Conversion between UHJ and B-format

This page explains how to use the Aurora plugins for converting between UHJ and B-format surround formats.

NEW - Also usage of Audiomulch/Bidule and SIR (Super Impulse reverb) are explained!

NEW !!! - Daniel Courville's plugins for MAC are now linked....

UHJ is a "standard" stereo waveform, which includes information capable of driving a complete horizontal surround system (for example, equipped with 5, 6 or even 8 loudspeakers). The derivation of the signals optimized to feed the loudspeakers passes through two steps:

1) Extraction of B-format signals (W, X and Y channels) form the original stereo waveform.

2) Decoding of the B-format signal for the particular array of loudspeakers employed, employing the traditional Ambisonics or other equivalent decoding technologies.

Only the first step is addressed here, for the second step I suggest the use of the software decoders developed by Bruce Wiggins, by Gerzonic and by Dave Malham.

A B-format signal is, in general, a 4-channel signal (WXYZ). W is the sound pressure signal, as captured by a perfectly omnidirectional microphone. X, Y and Z are the "first order spherical harmonics" of the pressure field, which are obtained by weighting the pressure impinging on the microphone with the cosines of the angles between the direction-of-arrival and the corresponding cartesian axis.

The Cartesian reference is conforming to ISO standards (for example, ISO2631), as in the following picture:

So we consider first the case in which You have an UHJ signal (taken, for example, from a Nimbus CD), and You want to extract a B-format signal from it. Of course, the Z channel cannot be extracted, and will be set to zero (horizontal-only surround).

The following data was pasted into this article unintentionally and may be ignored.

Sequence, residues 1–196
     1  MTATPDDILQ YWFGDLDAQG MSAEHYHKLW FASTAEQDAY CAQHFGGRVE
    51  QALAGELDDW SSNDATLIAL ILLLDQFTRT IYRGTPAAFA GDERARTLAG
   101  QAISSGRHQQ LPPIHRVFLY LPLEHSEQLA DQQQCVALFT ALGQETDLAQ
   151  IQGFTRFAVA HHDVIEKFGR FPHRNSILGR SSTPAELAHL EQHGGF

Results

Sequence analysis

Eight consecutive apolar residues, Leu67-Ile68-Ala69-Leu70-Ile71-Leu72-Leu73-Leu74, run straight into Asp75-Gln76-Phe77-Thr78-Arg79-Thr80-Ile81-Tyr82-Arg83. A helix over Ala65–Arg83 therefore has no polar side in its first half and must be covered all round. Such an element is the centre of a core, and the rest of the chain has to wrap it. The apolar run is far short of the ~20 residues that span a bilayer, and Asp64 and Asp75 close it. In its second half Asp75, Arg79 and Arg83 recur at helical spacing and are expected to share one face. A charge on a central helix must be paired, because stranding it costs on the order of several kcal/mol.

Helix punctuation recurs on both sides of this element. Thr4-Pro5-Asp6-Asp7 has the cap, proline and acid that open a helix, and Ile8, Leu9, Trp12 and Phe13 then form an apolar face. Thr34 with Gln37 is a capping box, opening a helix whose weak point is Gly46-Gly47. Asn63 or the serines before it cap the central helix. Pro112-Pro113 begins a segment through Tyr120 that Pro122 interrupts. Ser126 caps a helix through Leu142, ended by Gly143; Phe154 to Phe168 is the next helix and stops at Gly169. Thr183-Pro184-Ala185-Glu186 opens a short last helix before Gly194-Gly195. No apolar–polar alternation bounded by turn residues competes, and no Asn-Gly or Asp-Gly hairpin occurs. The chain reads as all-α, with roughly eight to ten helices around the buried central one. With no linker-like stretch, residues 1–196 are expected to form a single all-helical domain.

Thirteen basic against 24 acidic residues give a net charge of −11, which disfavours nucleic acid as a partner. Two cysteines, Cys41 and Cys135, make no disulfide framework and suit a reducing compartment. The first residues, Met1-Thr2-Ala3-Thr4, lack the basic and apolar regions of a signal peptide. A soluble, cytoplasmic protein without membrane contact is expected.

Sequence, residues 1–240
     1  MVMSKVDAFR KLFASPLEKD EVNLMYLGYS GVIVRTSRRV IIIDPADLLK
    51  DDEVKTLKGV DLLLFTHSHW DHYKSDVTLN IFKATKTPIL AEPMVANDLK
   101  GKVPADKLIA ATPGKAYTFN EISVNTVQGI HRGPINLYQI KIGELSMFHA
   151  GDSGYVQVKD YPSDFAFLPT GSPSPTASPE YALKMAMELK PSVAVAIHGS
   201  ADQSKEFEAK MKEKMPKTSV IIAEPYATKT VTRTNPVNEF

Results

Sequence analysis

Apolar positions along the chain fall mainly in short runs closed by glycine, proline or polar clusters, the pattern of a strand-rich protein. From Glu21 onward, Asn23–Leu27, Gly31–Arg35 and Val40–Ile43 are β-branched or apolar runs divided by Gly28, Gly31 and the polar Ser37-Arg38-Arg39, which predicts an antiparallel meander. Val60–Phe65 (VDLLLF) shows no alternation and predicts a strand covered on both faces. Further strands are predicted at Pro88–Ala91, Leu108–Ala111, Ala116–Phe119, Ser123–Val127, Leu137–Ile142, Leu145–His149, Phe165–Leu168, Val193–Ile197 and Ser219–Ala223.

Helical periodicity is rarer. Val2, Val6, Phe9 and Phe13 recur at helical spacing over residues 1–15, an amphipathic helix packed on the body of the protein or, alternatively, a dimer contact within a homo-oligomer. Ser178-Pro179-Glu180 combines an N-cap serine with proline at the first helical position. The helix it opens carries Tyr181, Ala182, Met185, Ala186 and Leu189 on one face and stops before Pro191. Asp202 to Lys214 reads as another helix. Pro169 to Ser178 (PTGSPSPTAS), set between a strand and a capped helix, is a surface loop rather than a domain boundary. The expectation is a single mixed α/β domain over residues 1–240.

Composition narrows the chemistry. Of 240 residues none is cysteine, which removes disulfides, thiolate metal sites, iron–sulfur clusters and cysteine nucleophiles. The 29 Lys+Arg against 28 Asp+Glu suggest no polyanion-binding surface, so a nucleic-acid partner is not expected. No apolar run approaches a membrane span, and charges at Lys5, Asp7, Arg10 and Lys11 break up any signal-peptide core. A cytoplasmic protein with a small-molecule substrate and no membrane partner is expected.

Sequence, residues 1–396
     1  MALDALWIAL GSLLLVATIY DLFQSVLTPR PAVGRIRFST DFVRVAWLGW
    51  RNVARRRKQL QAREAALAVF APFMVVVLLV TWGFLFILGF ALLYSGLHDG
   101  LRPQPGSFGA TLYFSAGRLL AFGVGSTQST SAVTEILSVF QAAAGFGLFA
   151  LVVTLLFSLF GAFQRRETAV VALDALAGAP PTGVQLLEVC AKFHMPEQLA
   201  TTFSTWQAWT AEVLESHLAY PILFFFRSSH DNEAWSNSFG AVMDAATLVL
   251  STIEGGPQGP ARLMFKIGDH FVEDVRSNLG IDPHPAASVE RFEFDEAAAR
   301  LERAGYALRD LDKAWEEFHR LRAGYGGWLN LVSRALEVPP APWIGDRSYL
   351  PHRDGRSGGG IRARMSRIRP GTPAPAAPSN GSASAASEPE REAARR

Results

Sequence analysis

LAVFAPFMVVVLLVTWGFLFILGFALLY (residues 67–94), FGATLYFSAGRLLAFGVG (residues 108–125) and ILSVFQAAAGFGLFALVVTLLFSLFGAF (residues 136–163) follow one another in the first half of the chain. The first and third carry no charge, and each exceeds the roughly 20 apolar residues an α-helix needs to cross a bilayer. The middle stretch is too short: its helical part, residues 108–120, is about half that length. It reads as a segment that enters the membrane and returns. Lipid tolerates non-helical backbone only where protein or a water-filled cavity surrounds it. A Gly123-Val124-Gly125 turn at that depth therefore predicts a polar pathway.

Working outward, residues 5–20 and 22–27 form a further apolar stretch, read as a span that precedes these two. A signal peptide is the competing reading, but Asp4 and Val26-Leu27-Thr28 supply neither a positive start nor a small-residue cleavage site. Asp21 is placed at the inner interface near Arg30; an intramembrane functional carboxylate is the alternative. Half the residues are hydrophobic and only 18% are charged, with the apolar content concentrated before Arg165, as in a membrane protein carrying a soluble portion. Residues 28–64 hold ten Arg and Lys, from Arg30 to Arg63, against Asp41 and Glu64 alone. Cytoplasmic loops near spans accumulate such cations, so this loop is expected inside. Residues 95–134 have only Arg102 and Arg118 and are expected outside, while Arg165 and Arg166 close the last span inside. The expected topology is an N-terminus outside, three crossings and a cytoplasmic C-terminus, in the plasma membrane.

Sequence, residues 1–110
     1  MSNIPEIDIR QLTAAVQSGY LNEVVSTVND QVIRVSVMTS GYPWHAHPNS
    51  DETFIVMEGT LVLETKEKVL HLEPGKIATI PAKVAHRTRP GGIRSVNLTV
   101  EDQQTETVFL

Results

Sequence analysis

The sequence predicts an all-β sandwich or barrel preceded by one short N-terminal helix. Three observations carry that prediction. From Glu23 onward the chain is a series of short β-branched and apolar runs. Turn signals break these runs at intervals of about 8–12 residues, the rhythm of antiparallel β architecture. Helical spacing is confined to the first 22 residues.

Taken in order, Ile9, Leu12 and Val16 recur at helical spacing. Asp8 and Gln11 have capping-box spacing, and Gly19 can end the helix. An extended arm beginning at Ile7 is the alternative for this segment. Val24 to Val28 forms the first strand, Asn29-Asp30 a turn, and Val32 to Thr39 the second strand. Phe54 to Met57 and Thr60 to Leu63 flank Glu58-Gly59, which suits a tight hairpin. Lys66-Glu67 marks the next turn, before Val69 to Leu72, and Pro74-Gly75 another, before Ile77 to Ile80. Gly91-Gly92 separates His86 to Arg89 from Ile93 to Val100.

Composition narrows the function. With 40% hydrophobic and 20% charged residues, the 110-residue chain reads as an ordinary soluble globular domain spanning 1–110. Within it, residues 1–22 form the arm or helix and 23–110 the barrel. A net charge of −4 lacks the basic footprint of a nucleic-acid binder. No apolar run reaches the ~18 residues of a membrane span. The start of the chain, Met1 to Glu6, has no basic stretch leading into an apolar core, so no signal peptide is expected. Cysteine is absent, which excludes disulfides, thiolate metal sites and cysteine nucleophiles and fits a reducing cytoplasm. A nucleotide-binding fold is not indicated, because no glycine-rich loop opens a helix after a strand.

The UHJ (LR) to B-format (WXY) conversion si described by the following formulas:

W = 0.5*(0.982*L + 0.982*R + j*0.164*L - j*0.164*R)

X = 0.5*(0.419*L + 0.419*R - j*0.828*L + j*0.828*R)

Y = 0.5*(0.763*L - 0.763*R + j*0.385*L + j*0.385*R)

These equations were implemented in frequency domain, and transformed back to three stereo impulse responses in time domain, at a 48 kHz sampling rate. The sampling rate can be easily changed with CoolEdit. The three impulse responses are named respectively UHJ-W.WAV, UHJ-X.WAV and UHJ-Y.WAV and can be downloaded by clicking here.

For extracting the three channels W, X and Y from the 2-channels UHJ stereo signal, the processing paths are as follows:

In practice, three independent conversions are made for each of three B-format channels.

The above conversion can be made employing Cooledit and Aurora, following this tasklist:

  1. Start CoolEdit
  2. Load the UHJ-W filter, and copy it to the Windows clipboard
  3. Load the UHJ stereo signal
  4. Launch the "Convolve with Clipboard"  Aurora module, with the following settings:

  1. Please note that the Autorange is disabled, and the Gain is set to 0 dB; each input channel is convolved with each Imp.Res. channel.
  2. The result is a stereo file, which has to be mixed (summed) in a mono file. This can be done with the "Edit - Convert sample type" module of CoolEdit. These are the settings for such a conversion:

  1. The resulting mono file is the W channel of B-format. Repeate the above step with te other two conversion filters (UHJ-X and UHJ-Y) for obtaining also the X and Y signals.
  2. The resulting W, X and Y signals can be saved as three mono files. But current software B-format decoders require a single, 4-channels WAV file as input. So the signals have to be packed, for example em,ploying the latest version of Audacity.

The above procedure could appear somewhat complex, I had plans to write a single program which does everything in a single step, but I didn't have enough time...